Attic Black-Figure Amphora

Object Details

Title:

Attic Black-Figure Amphora

Artist/Maker(s):

Attributed to Lydos or a painter close to Lydos (Greek (Attic), active about 565 - 535 B.C.)

Culture:

Greek (Attic)

Date:

550 - 540 B.C.

Medium:

Terracotta

Dimensions:

45.6 x 32.5 cm (17 15/16 x 12 13/16 in.)

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The Minotaur, a monster with a bull's head and a human body, was the son of the Cretan queen and a bull for which she had developed an irresistible passion. The Minotaur lived in a labyrinth on Crete and devoured human sacrifices of youths and maidens sent as tribute from Athens. When the Greek hero Theseus finally killed the monster, he freed Athens from this horrible burden. The myth of Theseus and the Minotaur was very popular on Athenian vases in the late 500s B.C., possibly due to the Athenian connection with the myth. In this rendition, Theseus plunges his sword through the monster's neck while the freed youths and maidens watch. The youths are shown nude, in poses similar to those found on contemporary kouroi. In his depiction of the encounter, the artist stressed the Minotaur's bestial nature. The Minotaur's weapon is a rock, seen clutched in his hoof-like hand, whereas civilized Theseus fights with a sword. The back of the vase shows two youths mounted on horses, greeted by family members as they return home. Such a scene of returning youths and warriors was a frequent one in Athenian vase-painting. The youths may be mythological figures such as the Dioskouroi, or they may simply be mortals.

Provenance
1962 - about 1983

Walter Bareiss, American, born Germany, 1919 - 2007

and Molly Bareiss, American, 1920 - 2006, distributed to the Walter Bareiss Children Usufruct, around 1983.

about 1983 - 1986

Walter Bareiss Children Usufruct, sold to the J. Paul Getty Museum, 1986.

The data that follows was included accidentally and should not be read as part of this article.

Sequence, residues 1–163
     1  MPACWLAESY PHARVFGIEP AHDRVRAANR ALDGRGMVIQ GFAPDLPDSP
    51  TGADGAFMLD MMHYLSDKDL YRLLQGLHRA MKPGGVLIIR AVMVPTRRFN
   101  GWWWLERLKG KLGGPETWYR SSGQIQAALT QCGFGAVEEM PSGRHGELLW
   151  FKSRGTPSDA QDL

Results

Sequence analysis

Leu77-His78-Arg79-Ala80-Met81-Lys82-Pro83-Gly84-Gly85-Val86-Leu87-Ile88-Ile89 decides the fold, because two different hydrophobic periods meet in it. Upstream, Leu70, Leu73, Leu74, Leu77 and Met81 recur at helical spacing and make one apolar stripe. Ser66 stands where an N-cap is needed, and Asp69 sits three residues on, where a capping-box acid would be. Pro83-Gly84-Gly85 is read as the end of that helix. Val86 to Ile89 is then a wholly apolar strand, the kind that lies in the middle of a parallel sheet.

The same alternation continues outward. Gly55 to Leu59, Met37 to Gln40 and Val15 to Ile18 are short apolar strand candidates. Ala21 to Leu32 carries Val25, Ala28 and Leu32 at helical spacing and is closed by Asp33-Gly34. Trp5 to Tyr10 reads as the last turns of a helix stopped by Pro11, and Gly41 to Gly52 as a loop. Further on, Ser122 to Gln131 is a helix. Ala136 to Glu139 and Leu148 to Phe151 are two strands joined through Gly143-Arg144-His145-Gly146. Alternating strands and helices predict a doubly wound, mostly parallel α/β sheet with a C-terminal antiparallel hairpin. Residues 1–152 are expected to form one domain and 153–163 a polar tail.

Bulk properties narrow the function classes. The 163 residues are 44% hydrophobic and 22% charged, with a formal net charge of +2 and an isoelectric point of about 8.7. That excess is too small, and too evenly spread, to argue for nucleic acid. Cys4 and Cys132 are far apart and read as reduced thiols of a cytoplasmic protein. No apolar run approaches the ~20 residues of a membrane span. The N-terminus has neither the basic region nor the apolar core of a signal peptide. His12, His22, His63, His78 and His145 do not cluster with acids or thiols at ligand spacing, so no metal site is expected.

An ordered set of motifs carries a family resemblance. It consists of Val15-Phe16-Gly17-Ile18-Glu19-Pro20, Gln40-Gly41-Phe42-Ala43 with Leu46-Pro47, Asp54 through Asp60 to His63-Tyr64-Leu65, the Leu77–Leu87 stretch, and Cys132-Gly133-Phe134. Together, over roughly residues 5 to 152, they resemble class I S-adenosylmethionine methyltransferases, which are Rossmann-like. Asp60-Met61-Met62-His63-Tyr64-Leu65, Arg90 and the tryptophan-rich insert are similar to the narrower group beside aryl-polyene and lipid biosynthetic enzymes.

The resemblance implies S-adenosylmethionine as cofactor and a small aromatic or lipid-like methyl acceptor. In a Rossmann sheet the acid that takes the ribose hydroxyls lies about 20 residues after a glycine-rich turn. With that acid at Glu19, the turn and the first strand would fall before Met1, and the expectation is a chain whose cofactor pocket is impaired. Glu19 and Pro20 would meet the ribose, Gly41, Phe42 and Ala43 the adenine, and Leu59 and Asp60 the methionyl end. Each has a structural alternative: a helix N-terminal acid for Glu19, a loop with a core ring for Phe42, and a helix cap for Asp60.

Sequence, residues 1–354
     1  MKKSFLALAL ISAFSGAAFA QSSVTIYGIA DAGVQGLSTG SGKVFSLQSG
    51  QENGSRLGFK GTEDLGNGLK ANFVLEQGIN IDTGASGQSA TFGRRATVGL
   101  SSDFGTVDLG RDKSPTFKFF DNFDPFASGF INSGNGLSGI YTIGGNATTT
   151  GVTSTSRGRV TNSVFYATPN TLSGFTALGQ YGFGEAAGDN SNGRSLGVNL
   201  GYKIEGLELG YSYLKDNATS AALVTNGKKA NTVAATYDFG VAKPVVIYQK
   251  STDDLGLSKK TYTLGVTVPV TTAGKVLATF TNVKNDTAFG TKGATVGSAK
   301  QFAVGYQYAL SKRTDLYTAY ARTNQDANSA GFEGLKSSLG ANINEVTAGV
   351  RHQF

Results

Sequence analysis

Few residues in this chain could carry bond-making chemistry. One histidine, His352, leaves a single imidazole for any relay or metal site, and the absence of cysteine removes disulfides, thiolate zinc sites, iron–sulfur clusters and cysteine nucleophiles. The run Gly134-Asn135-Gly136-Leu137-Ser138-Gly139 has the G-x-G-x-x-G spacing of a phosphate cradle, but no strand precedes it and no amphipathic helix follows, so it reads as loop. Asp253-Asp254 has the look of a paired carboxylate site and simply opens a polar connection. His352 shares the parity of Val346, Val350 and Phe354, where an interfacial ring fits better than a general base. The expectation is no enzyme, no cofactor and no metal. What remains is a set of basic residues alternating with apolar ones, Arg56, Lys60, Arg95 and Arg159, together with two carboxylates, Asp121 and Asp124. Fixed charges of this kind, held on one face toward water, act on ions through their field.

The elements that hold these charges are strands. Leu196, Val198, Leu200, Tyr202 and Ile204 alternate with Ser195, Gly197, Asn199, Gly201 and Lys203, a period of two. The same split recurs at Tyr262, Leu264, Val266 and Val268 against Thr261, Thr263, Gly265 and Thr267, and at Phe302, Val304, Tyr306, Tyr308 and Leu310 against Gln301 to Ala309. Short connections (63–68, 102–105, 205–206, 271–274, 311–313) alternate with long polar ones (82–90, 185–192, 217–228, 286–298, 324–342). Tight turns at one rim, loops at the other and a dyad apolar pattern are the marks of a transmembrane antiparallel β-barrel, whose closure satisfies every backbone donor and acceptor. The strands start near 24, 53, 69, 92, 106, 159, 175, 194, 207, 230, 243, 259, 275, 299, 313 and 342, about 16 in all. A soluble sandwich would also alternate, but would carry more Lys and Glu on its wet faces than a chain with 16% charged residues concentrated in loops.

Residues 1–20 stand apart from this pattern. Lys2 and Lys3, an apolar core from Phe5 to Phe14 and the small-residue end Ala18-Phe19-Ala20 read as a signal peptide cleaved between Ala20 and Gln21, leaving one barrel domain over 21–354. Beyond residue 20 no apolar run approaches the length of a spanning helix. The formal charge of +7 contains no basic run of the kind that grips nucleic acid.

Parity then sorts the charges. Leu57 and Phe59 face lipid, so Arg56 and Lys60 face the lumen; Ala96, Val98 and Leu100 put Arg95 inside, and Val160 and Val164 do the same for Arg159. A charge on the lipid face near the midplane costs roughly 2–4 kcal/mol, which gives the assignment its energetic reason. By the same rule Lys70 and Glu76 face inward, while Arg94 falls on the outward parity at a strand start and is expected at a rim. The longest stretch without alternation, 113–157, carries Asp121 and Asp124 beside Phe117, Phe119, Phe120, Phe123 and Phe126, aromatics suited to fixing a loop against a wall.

Exhibitions
Ancient Art from the Permanent Collection (March 16, 1999 to May 23, 2004)
  • The J. Paul Getty Museum at the Getty Center, (Los Angeles), March 16, 1999 to May 23, 2004
Bibliography

Bothmer, Dietrich von. "Aspects of a Collection," Metropolitan Museum of Art Bulletin 27, June 1969. pp. 424-436. p. 427; fig. 4.

Bothmer, Dietrich von, and J. Bean. Greek Vases and Modern Drawings from the Collection of Mr. and Mrs. Walter Bareiss. Exh. checklist, The Metropolitan Museum of Art. New York: 1969. p. 2, no. 8.

Moore, Mary B. "Exekias and Telamonian Ajax," American Journal of Archaeology 84 (1980), pp. 417-434. p. 432, n. 125.

True, Marion, and Jiri Frel. Greek Vases. Molly and Walter Bareiss Collection. The J. Paul Getty Museum. Malibu: 1983. p. 69, no. 25; p. 14, no. 5, fig. 5.

"Currrent Exhibitions," Archaeology 36, 3 (May/June 1983). p. 8.

"Acquisitions/1986." The J. Paul Getty Museum Journal 15 (1987), pp. 160-61, no. 7.

Clark, Andrew J. Corpus Vasorum Antiquorum. The J. Paul Getty Museum 1 (USA 23). Malibu: 1988. pp. 1-3; pls. 1-2; 8,1-2.

Schreiber, Toby. Athenian Vase Construction. A Potter's Analaysis. Malibu: 1999. pl. II.

The J. Paul Getty Museum Handbook of the Antiquities Collection (Los Angeles: J. Paul Getty Museum, 2002) p. 60.

Stansbury-O'Donnell, Mark D. Vase Painting, Gender and Socail Identity in Archaic Athens (Cambridge: Cambridge University Press, 2006), p. 222. fig. 76.

The J. Paul Getty Museum Handbook of the Antiquities Collection. Rev. ed. (Los Angeles: J. Paul Getty Museum, 2010), p. 62.